FORTUNE — Zachary Wilkinson was just a few months into his freshman year at Embry-Riddle Aeronautical University when the path he’d set out for himself — earning a degree in aeronautical science and landing a job as a commercial pilot — was upended.
In February 2012, the Federal Aviation Administration proposed a rule that would require first officers — commercial airlines’ entry-level pilots — to hold an Airline Transport Pilot certificate, which requires 1,500 hours of flight time. Graduates of programs that have been approved by the FAA, including Embry-Riddle, could earn an ATP with 1,000 flying hours. The rule was proposed in the wake of the February 2009 crash of a Colgan Air regional plane caused partly by pilot fatigue, and it became law in August 2013.
Wilkinson, 21, will leave Embry-Riddle with a bachelor’s degree and about 250-300 hours of flying time. He enrolled at the university thinking that would be enough to land him in the co-pilot seat at a regional airline. But when Wilkinson graduates in the spring of 2015, those 300 hours in the air will leave him 700 hours short of an entry-level airline job.
“It was discouraging,” Wilkinson tells Fortune. “It will require me to spend more time building up hours as a flight trainer.” Wilkinson now plans to apply for a flight instructor position at Embry-Riddle after graduation. Working in that role for a year or so will put him over the 1,000-hour threshold.
The gap between the flight time required to be a commercial pilot and the hours that students like Wilkinson log in college is another factor in the impending pilot shortage. Late last month, the U.S. Government Accountability Office released a report that said regional airlines are having trouble finding enough qualified individuals to pilot their planes.
One commonly cited culprit in the shortage is pilots’ measly first-year pay. The GAO report pegged it at $24 per hour based on data collected for 14 regional airlines, but the Air Line Pilots Association estimates that the average starting salary is even lower than that — $22,500 per year, which for a 40-hour work week equals an hourly rate of $10.75.
The pilot lifestyle — especially at the regional level, where pilots jet from one small market airport to another — also plays a role. Kent Lovelace, professor and chair of the aviation department at University of North Dakota, said that when his school surveys students about why they don’t want to be an airline pilot, they most frequently cite the lifestyle. Pay is the second-most frequently mentioned deterrent, he says.
But the new flight hours requirement means that the thousands of college graduates in flight programs — there were 10,600 in 2008, the last time the University Aviation Association took count — can’t immediately fill the roughly 1,900 to 4,500 new pilot positions that the GAO predicts will open up annually for the next 10 years. Instead, they have to spend at least another year after graduation logging hours to get the same job that a previous generation of pilots could secure fresh out of school.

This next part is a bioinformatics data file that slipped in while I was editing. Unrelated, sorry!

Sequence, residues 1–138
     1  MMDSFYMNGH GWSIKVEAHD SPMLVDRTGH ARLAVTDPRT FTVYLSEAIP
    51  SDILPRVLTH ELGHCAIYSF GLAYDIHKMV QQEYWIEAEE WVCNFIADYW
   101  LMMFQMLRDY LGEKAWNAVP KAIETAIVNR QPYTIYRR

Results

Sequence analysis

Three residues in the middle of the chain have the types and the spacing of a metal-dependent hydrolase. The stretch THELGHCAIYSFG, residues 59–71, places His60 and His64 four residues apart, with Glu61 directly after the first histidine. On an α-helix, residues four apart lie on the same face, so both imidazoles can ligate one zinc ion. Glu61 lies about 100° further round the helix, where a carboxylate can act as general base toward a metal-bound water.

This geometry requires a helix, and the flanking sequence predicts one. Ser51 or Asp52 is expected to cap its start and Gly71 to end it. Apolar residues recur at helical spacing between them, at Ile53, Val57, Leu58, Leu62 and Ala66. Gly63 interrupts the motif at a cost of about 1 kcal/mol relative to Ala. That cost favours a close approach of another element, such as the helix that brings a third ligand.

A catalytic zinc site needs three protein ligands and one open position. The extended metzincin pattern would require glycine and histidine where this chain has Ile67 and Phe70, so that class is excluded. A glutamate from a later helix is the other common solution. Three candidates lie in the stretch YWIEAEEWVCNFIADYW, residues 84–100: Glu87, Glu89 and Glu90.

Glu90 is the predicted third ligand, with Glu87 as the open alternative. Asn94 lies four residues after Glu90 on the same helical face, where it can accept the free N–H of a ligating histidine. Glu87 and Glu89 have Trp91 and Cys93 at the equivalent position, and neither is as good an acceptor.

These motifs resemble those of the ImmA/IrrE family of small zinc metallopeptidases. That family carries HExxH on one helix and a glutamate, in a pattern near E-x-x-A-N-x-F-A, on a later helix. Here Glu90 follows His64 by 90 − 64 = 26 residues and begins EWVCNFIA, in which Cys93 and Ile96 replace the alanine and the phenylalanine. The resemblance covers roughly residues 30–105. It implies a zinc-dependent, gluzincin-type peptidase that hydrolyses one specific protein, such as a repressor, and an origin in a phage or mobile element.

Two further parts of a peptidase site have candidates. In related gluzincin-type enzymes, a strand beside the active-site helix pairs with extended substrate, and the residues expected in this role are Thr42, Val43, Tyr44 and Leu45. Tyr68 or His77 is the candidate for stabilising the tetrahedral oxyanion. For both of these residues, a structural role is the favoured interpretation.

“The shortage is with these new pilots and the changed criteria,” says Tim Brady, dean of Embry-Riddle’s college of aviation. It’s getting so critical, he says, “regionals are starting to park their planes.”
The best way to rack up hours is to become a flight instructor, but those positions are limited. For instance, Embry-Riddle employs 150 flight instructors, and it graduates between 300 and 400 students from its flight program every year, says Brady. Graduates who can’t land a flight instructor job have to resort to gigs like flying planes that tow banners or crop dust to surpass the 1,000-hour mark.
It’s too early to tell how the new flight time requirement will affect student enrollment in aviation programs. Universities like Embry-Riddle and UND, which have had their curriculum approved by the FAA and whose students qualify for the 1,000-hour exemption, have a recruiting advantage over colleges that haven’t met those requirements. But even before the new regulation went into effect, Lovelace says UND’s piloting program was facing increased competition from careers in operating unmanned aircraft systems, or drones, which UND began to offer as a course of study in 2009.
“If you turn the clock back 15 years, 75-80% of our student population was interested in professional flight. Now that’s about 55%,” says Lovelace, who notes that completing the flight program at UND costs in-state residents about $120,000. Half of the cost is for flight time.
Universities and airlines — and passengers, for that matter — will have to hope that students with an interest in commercial flying will look past the large initial training investment and focus on the profession’s long-term benefits. Median pay for airline and commercial pilots in 2012 was $98,410, according to the Bureau of Labor Statistics.
Or they can bank on the notion that there are many more Zachary Wilkinsons out there, itching to get into a cockpit. “If I was doing this just for the paycheck, I wouldn’t be here. I’m doing it for the prospect of providing a great service to people and for the travel and adventure of it,” he says. “I’m willing to spend the first few years climbing the ladder.”